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I want to ensure they're not downloading any illegal content (torrent websites in particular). If they're using a VPN or Tor, then I guess there's not much I can do, but if they're just connecting directly to, say, pirate bay, without masking their traffic and downloading content through them, is there a way for me to spot that and tell them off?

I'm not interested in throttling their traffic or monitoring what websites they otherwise visit. I'm only interested in detecting if they access the popular torrent websites (pirate bay, kickass, demonoid etc.) and download stuff through them.

My WiFi router is Technicolor 582n.

  • Your ability to block torrents will vary depending on your gateway device. See the following question for information on how to block torrent traffic : security.stackexchange.com/questions/42145/… – DKNUCKLES Feb 7 '15 at 12:18
  • I just want to detect that they're using it, not necessarily blocking it. – Nobilis Feb 7 '15 at 12:22
  • Linked question still applies – DKNUCKLES Feb 7 '15 at 12:29
  • I'll have a look, thanks, I wonder how much of this I can achieve with a plain, off-the-shelf router though. – Nobilis Feb 7 '15 at 12:33
  • Admittedly, likely not much. Torrent traffic is notoriously difficult to block, even with enterprise firewalls because of the nature of how it operates. Monitoring or detecting it is typically done by monitoring the traffic and connections which, I would imagine, is beyond the capabilities of your router. – DKNUCKLES Feb 7 '15 at 12:39
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I guess that most corporate people setting up Internet access for the employees may have the same need: how to ensure that employee does not waste enterprise's bandwith to download torrents?

Usually, the main answer lies in two things:

  • Restrict the destination port numbers to the really needed ones,
  • Setup a DNS cache server, which can provide an easy way to blacklist certain domain names (this implies that rules above do not allow port 53 as destination port),
  • Make the HTTP flow go through a proxy,in the current case a non caching proxy like privoxy may be usefull.

For HTTPS content, you will not be able to check the actual page or data content however you will be able to know the domain name of the website currently visited (both thanks to DNS requests and SNI) and compare it to a blacklist, which seems sufficient for your needs.

edit: Just a thought, in case of a one time check to answer questions like "Internet is going damn slowly, I hope my neighbor is not using all the bandwidth with torrents", you have the possibility to use a network sniffing software (like wireshark) on your wifi network to check what is going on currently.

  • Does setting up a DNS cache server or installing privoxy depend on the type of router I have? Can I perhaps set up a low-grade proxy server PC to monitor traffic that passes through the network and alert me if, say, certain domain names crop up? – Nobilis Feb 7 '15 at 14:34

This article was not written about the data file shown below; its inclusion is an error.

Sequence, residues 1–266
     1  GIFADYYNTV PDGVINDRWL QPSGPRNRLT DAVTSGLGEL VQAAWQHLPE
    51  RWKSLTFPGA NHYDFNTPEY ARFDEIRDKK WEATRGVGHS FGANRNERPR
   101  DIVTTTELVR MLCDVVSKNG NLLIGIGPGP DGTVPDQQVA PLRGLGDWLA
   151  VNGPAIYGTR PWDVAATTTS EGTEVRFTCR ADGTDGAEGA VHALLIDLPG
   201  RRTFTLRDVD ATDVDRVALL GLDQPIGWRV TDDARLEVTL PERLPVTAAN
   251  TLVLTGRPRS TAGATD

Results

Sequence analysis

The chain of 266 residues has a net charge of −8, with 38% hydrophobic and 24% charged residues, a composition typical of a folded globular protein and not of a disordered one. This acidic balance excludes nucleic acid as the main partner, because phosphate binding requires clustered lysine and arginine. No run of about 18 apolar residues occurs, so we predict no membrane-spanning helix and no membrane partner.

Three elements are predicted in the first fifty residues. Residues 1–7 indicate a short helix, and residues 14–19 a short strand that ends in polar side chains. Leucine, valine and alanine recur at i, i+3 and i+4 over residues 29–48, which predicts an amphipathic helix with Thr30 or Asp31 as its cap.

• On my side I finally ended by using the "low-grade server" directly as a router and wifi AP, so I am completely free about what I can do, and the router provided by my Internet provider has now wifi disabled and acts mainly as a modem. However, if your neighbor traffic must still go through your Technicolor router, then yes you are bound to the functionality offered by the manufacturer, however some propose relatively advanced "firewall" filtering rules which may potentially allow you to redirect traffic coming from the Wifi interface to your proxy host. – WhiteWinterWolf Feb 7 '15 at 14:48
  • I'll have a look at the router's setting then, thanks, I honestly thought this would be more straightforward. – Nobilis Feb 7 '15 at 14:54
  • It should be noted, for what it's worth, all of the above measures are easily circumvented by someone who knows what they're doing. I would also note that these methods deal with blocking access to known trackers, but torrent downloads are facilitated by downloading pieces from different peers which is what makes it so difficult to block. – DKNUCKLES Feb 7 '15 at 15:11
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    @Nobilis: For information, as an alternative to using a low end PC as router, there are router where you can flash the ROM to install an open and, therefore, more customizable firmware. A list of projects is available here, but if you are interested be sure to choose a router compatible with the selected project. – WhiteWinterWolf Feb 7 '15 at 15:46
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I think what you are looking for is 'parental controls' on your modem/router. Check your router if such a facility is available. If its not, then a browser that has such controls. The cheaper versions will just give you an option to enter the names of the websites that you want to block. The pricier ones will have advanced software (like privoxy as mentioned by GZBK) which restricts on keywords etc.,

  • Yeah, I did find those and added a bunch of torrent websites to them. However one of them uses encryption and even though I've correctly input the address, it's still accessible. Oh, well, might just get a better router. – Nobilis Feb 9 '15 at 8:39
  • I am not sure what you mean by encryption. If you mean the site requires a https connection, your router should still be able to stop those connection. Did you reset the connection after applying the settings? Can you google and check if others are having similar problems with this router? – nitarshs Feb 10 '15 at 11:30
  • Yeah, it picked up all the other websites that weren't using HTTPS but not this one for whatever reason. It might be a common issue with lower grade routers (as suggested here). – Nobilis Feb 10 '15 at 11:43

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